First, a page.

Straight Talk from the Field:
BVDV Management and Persistent Infection
U.S. veterinarians estimate that BVDV costs beef and dairy producers over $30 a head, even after vaccination.1 Watch the video below to hear insights and recommendations about BVDV management from a veterinarian in Kansas.
 

For more information on BVDV, PIs and testing, or to locate a lab close to you, please call:
Ron Kramer 207 347 1664
ron-kramer@idexx.com

Learn more about available IDEXX diagnostics to help you control BVDV in your herds.
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1. Data on file at IDEXX Laboratories, Inc. Westbrook, Maine USA.
IDEXX recommends a simple three-step plan to manage BVDV:
Determine your herd status using high-volume testing at a local laboratory.
Test all new introductions to the herd using the IDEXX SNAP® BVD Test.
Work with your veterinarian to design a vaccination and biosecurity program.
By testing all new introductions to the herd, veterinarians and producers can help avoid the costly effects of BVDV. Download the BVDV management strategy guides for Dairy Operations and for Beef Operations.

“We made a decision to BVDV-PI test all of our cattle. We tested not only the cattle we own, but also the cattle we manage.”

Ralph Pelaez –
Okeechobee, Florida and Bay City, Texas

“We have experience with cattle going through the feed yard and are well aware of the problems that can be encountered. That’s one of the reasons we choose to use BVDV-PI testing. When we sell our cattle, we advertise them as BVDV-PI tested. That’s got to be a plus.”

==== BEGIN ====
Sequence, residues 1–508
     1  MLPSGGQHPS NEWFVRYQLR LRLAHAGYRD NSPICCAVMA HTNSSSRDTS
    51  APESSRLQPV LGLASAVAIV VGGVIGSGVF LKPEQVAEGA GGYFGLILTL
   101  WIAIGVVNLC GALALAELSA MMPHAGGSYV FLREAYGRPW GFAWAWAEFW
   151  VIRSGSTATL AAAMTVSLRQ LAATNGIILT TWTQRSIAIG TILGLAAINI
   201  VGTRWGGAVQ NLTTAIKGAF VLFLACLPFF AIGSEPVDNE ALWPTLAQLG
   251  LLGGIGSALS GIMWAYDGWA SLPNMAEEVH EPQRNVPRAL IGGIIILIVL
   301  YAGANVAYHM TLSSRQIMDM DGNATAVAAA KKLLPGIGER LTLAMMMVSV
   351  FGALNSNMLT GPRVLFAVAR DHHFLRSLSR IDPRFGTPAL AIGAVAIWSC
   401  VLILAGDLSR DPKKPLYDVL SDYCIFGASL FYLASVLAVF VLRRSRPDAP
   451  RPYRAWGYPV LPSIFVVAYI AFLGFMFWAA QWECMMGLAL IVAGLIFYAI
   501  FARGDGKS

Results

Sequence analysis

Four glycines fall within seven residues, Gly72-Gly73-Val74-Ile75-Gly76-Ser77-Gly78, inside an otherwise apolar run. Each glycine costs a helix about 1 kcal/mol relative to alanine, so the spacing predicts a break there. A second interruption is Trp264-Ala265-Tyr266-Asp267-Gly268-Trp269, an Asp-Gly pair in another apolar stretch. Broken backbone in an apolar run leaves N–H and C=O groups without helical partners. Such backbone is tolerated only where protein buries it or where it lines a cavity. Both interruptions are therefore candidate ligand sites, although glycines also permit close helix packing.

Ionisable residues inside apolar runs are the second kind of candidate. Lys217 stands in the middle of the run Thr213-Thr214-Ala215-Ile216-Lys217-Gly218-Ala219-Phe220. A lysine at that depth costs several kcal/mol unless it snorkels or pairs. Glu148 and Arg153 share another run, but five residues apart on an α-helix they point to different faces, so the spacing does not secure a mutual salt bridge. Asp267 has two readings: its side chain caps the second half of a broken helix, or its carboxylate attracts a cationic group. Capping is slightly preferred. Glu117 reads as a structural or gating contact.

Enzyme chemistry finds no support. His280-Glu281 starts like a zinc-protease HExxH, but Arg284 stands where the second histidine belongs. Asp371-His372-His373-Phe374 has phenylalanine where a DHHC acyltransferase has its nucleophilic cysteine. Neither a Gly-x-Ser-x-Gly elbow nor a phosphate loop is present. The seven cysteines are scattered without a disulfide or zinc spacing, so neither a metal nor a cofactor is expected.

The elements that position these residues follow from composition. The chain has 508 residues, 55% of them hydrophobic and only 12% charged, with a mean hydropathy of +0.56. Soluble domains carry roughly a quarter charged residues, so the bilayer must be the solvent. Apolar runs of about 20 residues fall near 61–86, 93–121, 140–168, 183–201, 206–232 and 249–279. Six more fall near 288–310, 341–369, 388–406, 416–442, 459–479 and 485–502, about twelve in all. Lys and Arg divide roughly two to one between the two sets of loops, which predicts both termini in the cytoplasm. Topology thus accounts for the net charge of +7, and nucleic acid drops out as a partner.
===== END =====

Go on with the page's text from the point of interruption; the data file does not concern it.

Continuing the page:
“It’s a tool that is so easy to use and gives you confidence that you are not harboring a problem. It’s very cost-effective.”

“Before I found this test, I was blaming health problems on poor nutrition or parasites.”

Greg Wright –
Victoria, Texas

“I brought the BVDV-PI animal from another ranch to this one and got BVD everywhere before we figured out what the problem was. With the suppressed immune system that BVDV creates—every bug that flew over, they would get sick with it and spread it. What with aborted calves, missing a calf for a year, sick calves, medical costs, and selling at less weight but with the cost of additional feed—it was a substantial loss of dollars.”

“If you think there is any chance that you have BVDV-PI, start testing everything because BVDV-PI will hurt you.”

“We used to turn cattle out on pasture at 60 days. Now we
are turning them out at 30
days. We don’t have any
cattle still getting sick at 60 to 90 days after arrival.”

Scott & Todd Harvey –
Hydro, Oklahoma

“We always thought that there was something going on that we were not able to control. That was before we got this PI test.”

“In the last 6 months we’ve bought only one case of antibiotics. We use to buy a case every week.”

“In 2008, I lost 125 calves
and spent $66,000 on
medicine.”


Don Hayden –
Smiths Grove, Kentucky

In 2009, I lost only 18 calves and spent $28,000 on medicine. PI testing was a part of that 2009 program, and I ran about the same total number of cattle both years.”

“You just figure up that one year difference and there’s $50,000 dollars in cattle, based on a $500 calf, and a little over $30,000 dollars difference in medicine, that’s over $80,000 dollars. I’d be tickled to make $80,000 this year.”

Hear what one cattleman says about BVDV persistent infection.
 
Hear what cattlemen were saying about BVDV in the 2009 season.